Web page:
More than 30 Somali employees at a bakery walked out in protest Monday after the owner ordered female workers to wear mid-calf skirts after a woman's long dress recently got caught in a boot washer, MyFoxTwinCities.com reported.
Mike Knowles, the owner of Dianne's Fine Desserts, told the Faribault Daily News that the new guidelines were installed for safety concerns. Somali workers, however, call the new rules an attack on their Muslim religion.
The women reportedly showed up to work in their full-length attire and were given the option to adjust their skirts or leave. About a dozen women left and they were joined by 20 men who say the dress code goes against teachings in the Koran.
The boot washer is a sanitation device that cleans footwear before workers enter the plant. The Somali women said they'd be willing to pull up their skirts during the brief process. Knowles says the safety issue was addressed and the company made a reasonable accommodation.
The workers sought assistance from the Council on American-Islamic Relations, which came to the aid of 25 Muslim employees who were terminated in December 2010, the report said.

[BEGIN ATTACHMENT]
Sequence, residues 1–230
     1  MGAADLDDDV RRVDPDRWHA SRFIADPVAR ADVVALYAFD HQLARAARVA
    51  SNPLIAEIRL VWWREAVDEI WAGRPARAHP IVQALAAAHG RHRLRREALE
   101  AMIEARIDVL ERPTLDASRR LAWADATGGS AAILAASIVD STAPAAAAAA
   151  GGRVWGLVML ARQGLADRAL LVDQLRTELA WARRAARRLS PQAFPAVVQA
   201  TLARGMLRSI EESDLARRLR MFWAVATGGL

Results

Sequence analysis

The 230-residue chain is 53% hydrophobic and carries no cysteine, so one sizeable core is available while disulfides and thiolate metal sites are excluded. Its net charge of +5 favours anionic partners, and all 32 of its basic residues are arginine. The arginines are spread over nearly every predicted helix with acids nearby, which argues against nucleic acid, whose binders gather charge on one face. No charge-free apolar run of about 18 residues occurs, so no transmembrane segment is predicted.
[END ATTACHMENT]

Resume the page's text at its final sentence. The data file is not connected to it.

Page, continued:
At the time, the business was under a different owner who fired the employees after the break schedule was altered into a conflict with employees' prayer schedule, the report said. But employees reportedly prayed anyway.
A complaint was forwarded to the U.S. Equal Employment Opportunity Commission, and the workers were reinstated.
The current walkout also has been brought to the attention of the American Civil Liberties Union.
Considering that he is faced with a potentially damaging industrial dispute, in a plant that has already been reported to the EEOC for religious discrimination, owner Mike Knowles appears to be far from clear about the details of the present conflict.
He told the Faribault Daily News that his company "addressed the safety issue by saying no skirts below the knee" but then informed Fox that management at the plant had "later agreed to boot-high or mid-calf skirts". Knowles claims that employees "chose to walk off the job", yet is is clear from the Faribault Daily News report that women workers who refused to comply with the new dress code were prevented from starting work and told to leave the building. A number of male employees, to their credit, then walked out in solidarity.